Publication/Presentation Date

9-14-2021

Abstract

Hemophagocytic lymphohistiocytosis (HLH) is a syndrome characterized by pathologic immune activation in which prompt recognition and initiation of immune suppression is essential for survival. Children with HLH have many overlapping clinical features with critically ill children with sepsis and systemic inflammatory response syndrome (SIRS) in whom alternative therapies are indicated. To determine whether plasma biomarkers could differentiate HLH from other inflammatory conditions and to better define a core inflammatory signature of HLH, concentrations of inflammatory plasma proteins were compared in 40 patients with HLH to 47 pediatric patients with severe sepsis or SIRS. Fifteen of 135 analytes were significantly different in HLH plasma compared with SIRS/sepsis, including increased interferon-γ (IFN-γ)-regulated chemokines CXCL9, CXCL10, and CXCL11. Furthermore, a 2-analyte plasma protein classifier including CXCL9 and interleukin-6 was able to differentiate HLH from SIRS/sepsis. Gene expression in CD8+ T cells and activated monocytes from blood were also enriched for IFN-γ pathway signatures in peripheral blood cells from patients with HLH compared with SIRS/sepsis. This study identifies differential expression of inflammatory proteins as a diagnostic strategy to identify critically ill children with HLH, and comprehensive unbiased analysis of inflammatory plasma proteins and global gene expression demonstrates that IFN-γ signaling is uniquely elevated in HLH. In addition to demonstrating the ability of diagnostic criteria for HLH and sepsis or SIRS to identify groups with distinct inflammatory patterns, results from this study support the potential for prospective evaluation of inflammatory biomarkers to aid in diagnosis of and optimizing therapeutic strategies for children with distinctive hyperinflammatory syndromes.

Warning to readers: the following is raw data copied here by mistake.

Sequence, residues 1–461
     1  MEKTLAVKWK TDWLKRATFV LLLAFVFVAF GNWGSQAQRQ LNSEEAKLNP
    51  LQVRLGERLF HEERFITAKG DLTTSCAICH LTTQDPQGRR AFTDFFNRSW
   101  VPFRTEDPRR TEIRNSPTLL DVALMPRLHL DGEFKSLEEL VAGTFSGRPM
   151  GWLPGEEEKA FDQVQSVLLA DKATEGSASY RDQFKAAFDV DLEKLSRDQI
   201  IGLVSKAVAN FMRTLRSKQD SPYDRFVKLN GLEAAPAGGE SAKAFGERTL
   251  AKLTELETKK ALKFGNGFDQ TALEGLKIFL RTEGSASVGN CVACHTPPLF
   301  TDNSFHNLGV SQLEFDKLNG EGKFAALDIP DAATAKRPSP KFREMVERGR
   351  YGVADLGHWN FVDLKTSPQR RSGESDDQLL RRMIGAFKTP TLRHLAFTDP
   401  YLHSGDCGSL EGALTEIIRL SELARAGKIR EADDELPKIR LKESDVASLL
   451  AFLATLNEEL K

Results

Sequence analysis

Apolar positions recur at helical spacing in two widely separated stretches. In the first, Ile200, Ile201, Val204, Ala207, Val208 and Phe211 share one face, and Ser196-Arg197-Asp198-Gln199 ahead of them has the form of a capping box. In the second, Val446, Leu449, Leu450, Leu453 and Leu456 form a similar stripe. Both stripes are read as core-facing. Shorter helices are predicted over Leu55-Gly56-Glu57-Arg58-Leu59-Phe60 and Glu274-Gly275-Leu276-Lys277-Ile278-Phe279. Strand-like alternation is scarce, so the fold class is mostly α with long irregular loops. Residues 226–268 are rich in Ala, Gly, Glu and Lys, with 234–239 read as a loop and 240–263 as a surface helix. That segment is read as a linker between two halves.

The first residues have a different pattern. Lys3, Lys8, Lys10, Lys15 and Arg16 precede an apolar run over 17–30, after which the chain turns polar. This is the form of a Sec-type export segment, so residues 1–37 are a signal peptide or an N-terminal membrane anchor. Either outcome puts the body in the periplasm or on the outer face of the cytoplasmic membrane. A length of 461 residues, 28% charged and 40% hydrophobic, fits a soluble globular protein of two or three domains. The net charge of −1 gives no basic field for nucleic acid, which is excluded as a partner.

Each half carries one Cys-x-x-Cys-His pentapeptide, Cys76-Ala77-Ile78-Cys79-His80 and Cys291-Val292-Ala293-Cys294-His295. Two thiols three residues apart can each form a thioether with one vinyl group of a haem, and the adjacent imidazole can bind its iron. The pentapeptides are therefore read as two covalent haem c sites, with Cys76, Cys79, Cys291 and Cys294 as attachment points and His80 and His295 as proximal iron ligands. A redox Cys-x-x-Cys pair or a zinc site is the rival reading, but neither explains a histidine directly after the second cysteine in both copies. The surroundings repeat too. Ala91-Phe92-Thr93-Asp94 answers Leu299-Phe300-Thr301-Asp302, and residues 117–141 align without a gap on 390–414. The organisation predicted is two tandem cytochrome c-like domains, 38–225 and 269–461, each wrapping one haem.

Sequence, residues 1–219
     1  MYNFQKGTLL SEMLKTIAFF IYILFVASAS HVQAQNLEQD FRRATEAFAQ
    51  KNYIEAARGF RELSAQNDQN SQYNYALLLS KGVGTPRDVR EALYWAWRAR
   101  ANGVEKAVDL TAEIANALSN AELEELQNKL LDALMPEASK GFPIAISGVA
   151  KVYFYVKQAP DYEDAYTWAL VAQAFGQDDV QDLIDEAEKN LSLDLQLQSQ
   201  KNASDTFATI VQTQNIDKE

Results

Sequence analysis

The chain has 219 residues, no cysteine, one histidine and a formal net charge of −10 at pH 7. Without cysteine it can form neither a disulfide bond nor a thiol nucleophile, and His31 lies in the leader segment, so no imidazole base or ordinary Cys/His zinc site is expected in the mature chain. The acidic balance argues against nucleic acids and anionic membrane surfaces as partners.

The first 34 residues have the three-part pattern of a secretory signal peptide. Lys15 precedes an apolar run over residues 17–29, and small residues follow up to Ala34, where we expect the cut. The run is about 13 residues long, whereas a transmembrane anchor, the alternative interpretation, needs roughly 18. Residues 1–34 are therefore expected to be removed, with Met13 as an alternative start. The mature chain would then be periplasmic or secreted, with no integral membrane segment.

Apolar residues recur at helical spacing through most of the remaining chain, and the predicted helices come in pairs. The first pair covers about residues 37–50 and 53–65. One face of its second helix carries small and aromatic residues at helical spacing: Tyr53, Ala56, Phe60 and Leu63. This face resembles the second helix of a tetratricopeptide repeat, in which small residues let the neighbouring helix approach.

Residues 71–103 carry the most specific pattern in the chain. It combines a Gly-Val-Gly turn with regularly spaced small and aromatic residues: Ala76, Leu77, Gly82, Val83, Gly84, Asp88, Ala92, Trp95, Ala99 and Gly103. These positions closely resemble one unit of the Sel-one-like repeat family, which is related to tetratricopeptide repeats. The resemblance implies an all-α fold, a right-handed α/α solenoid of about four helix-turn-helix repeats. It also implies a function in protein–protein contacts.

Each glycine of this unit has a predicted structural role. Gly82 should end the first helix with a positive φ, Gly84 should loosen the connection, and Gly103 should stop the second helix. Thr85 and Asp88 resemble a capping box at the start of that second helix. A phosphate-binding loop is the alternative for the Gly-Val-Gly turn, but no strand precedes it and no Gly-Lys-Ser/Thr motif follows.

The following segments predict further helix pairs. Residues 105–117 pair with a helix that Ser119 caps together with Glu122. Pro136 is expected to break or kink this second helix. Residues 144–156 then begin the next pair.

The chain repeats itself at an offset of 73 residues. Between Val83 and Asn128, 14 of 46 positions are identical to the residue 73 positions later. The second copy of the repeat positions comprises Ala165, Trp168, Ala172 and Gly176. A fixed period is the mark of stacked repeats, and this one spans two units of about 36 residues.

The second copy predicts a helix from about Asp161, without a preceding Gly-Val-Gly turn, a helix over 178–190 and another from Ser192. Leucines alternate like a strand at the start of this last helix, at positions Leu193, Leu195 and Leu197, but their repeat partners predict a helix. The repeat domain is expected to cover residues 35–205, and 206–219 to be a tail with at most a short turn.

Volume

5

Issue

17

First Page

3457

Last Page

3467

ISSN

2473-9537

Disciplines

Medicine and Health Sciences | Pediatrics

PubMedID

34461635

Department(s)

Department of Pediatrics, Department of Pediatrics Faculty

Document Type

Article

Included in

Pediatrics Commons

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